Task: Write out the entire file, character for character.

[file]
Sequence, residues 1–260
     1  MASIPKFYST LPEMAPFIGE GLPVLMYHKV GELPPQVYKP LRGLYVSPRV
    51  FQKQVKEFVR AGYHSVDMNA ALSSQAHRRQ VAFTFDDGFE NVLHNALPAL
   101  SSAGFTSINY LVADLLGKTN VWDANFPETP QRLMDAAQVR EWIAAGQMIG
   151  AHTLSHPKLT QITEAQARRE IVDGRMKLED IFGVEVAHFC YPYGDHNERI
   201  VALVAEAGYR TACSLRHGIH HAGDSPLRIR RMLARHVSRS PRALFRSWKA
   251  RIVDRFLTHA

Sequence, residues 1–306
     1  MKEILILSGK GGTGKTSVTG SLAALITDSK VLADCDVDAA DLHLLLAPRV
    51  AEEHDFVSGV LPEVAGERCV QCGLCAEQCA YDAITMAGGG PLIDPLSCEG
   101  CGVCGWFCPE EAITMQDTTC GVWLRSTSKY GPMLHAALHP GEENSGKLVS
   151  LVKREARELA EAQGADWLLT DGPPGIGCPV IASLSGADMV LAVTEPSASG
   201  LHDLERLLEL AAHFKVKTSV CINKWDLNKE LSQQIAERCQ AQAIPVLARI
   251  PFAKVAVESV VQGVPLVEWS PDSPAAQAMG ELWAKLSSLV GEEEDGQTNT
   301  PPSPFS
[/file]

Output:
Sequence, residues 1–260
     1  MASIPKFYST LPEMAPFIGE GLPVLMYHKV GELPPQVYKP LRGLYVSPRV
    51  FQKQVKEFVR AGYHSVDMNA ALSSQAHRRQ VAFTFDDGFE NVLHNALPAL
   101  SSAGFTSINY LVADLLGKTN VWDANFPETP QRLMDAAQVR EWIAAGQMIG
   151  AHTLSHPKLT QITEAQARRE IVDGRMKLED IFGVEVAHFC YPYGDHNERI
   201  VALVAEAGYR TACSLRHGIH HAGDSPLRIR RMLARHVSRS PRALFRSWKA
   251  RIVDRFLTHA

Sequence, residues 1–306
     1  MKEILILSGK GGTGKTSVTG SLAALITDSK VLADCDVDAA DLHLLLAPRV
    51  AEEHDFVSGV LPEVAGERCV QCGLCAEQCA YDAITMAGGG PLIDPLSCEG
   101  CGVCGWFCPE EAITMQDTTC GVWLRSTSKY GPMLHAALHP GEENSGKLVS
   151  LVKREARELA EAQGADWLLT DGPPGIGCPV IASLSGADMV LAVTEPSASG
   201  LHDLERLLEL AAHFKVKTSV CINKWDLNKE LSQQIAERCQ AQAIPVLARI
   251  PFAKVAVESV VQGVPLVEWS PDSPAAQAMG ELWAKLSSLV GEEEDGQTNT
   301  PPSPFS